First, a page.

To capture the true essence of a place‚ to reveal its nuances and moods, one has to know it as intimately as one knows lover. The Tongaporutu coastline in north Taranaki is a place I am beginning to know in this detail. It is one of the most spectacular and dynamic coastlines in the country.
Although I first visited this coast in 2001, I have been taking detailed notes and photographs since 2003. My lifechanging moment occurred in April 2003. I was photographing boulders at Pilot Road Point on the northern side of the Tongaporutu River. They were beneath an arch beside a cave and my tripod head packed up. Cursing, I vowed to return with the next low tide in a fortnight. When I did so with my repaired tripod, the boulders had vanished. Astonished, I thought that if changes are occurring so quickly, perhaps I should document them over a year. Initially, I planned to come once a month but have ended up visiting more frequently because there is such a large area to cover. Basically, I have photographed from Te Kawau Pa north of Rapanui, south to Whitecliffs, a stretch of 11 kilometres. And my initial year has spread through several more with no end in sight.
Someone once commented in a photography magazine that, “… great landscapes can be elusive, but at least they won’t disappear overnight.” I always smile when I recall this sage piece of advice, because it is incorrect‚ particularly with respect to the Tongaporutu coastline which is in a constant state of flux.
Beaches, the highways of the coast, are the most ephemeral of natural features. Their malleable mantles of sand ebb and flow in tune with the prevailing currents and weather conditions. Each tidal cycle produces a fresh canvas. One never to be repeated.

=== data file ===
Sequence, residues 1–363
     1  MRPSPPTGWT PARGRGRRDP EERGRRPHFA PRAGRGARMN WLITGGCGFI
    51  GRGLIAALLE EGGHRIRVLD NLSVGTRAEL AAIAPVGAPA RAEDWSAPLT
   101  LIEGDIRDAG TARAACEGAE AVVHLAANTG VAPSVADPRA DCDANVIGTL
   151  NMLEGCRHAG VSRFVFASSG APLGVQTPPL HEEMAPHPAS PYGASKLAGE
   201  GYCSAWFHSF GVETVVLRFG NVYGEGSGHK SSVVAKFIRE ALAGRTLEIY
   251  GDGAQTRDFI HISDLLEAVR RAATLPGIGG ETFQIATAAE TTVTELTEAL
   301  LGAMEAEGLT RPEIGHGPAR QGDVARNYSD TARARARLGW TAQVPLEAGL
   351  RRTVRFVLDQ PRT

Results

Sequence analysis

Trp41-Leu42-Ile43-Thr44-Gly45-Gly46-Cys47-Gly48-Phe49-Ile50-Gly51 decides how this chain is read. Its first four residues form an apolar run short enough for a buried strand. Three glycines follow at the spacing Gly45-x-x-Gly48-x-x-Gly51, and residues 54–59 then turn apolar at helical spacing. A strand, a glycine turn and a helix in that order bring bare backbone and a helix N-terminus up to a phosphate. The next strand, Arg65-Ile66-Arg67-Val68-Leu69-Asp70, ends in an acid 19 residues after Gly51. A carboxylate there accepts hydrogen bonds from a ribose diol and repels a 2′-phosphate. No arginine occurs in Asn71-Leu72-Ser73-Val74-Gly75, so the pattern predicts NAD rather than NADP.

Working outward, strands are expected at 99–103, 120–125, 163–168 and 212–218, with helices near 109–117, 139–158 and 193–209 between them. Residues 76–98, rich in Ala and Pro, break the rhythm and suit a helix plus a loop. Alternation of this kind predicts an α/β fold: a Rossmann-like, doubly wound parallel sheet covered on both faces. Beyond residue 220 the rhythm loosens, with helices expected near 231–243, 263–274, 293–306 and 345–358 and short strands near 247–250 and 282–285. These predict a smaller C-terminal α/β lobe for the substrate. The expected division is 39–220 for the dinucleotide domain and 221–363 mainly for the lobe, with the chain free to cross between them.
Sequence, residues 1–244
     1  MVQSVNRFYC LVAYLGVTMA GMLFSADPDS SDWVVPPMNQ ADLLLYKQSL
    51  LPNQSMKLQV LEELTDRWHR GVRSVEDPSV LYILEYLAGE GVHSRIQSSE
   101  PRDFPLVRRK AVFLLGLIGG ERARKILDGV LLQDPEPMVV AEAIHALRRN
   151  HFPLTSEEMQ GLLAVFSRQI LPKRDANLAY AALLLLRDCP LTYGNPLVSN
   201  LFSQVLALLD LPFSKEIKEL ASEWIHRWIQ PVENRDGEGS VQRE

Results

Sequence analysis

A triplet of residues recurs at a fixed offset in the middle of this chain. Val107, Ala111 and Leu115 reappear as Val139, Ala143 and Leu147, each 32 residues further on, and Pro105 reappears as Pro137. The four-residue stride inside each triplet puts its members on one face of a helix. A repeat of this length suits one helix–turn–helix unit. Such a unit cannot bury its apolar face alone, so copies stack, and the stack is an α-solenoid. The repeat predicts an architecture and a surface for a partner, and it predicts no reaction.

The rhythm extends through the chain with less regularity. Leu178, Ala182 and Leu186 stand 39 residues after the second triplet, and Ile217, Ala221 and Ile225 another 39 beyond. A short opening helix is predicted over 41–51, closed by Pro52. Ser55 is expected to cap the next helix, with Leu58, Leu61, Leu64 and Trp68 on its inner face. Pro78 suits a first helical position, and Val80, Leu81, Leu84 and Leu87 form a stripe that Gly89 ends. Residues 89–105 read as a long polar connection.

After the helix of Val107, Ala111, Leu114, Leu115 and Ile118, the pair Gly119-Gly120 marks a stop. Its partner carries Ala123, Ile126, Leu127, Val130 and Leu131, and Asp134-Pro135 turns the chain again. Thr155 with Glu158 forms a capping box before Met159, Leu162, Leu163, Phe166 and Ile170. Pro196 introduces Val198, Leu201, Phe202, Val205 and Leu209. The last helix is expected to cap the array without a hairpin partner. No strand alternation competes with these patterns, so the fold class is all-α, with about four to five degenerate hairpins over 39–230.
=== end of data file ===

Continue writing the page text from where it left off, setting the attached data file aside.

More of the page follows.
You might expect cliffs to be more permanent, but those at Tongaporutu are not. They have been fashioned from crumbling grey papa and sandstone, and are under constant assault from the volatile Tasman Sea. Anecdotal evidence suggests that the coastline is eroding at the rate of two metres annually. Changes are thus occurring over breathtakingly short timeframes even in human terms, let alone the normal spans of geology.
Spooky caves, stoic rock stacks and great sheer faces of layered rock—none of them last.
This is also a treacherous coastline for the unwary. Access is only safe when tides are a half metre or lower and the weather is reasonable. At high tide and during stormy conditions, regardless of the state of the tide, waves sweep right up to the cliffs, and those cliffs are unclimbable. Walking the coastline, I have a cat-and-mouse relationship with the sea. Sometimes it is a playful kitten. Other times it is a ferocious tigress who mesmerises with potent displays of raw power. The cliffs too have their moods. They can be benign on some occasions and have rock-throwing tantrums on others.
The Tongaporutu coastline is a place where you either learn to read its moods very quickly or you can be very quickly dead.
That is what I love about Tongaporutu. In the presence of death, I never feel more alive.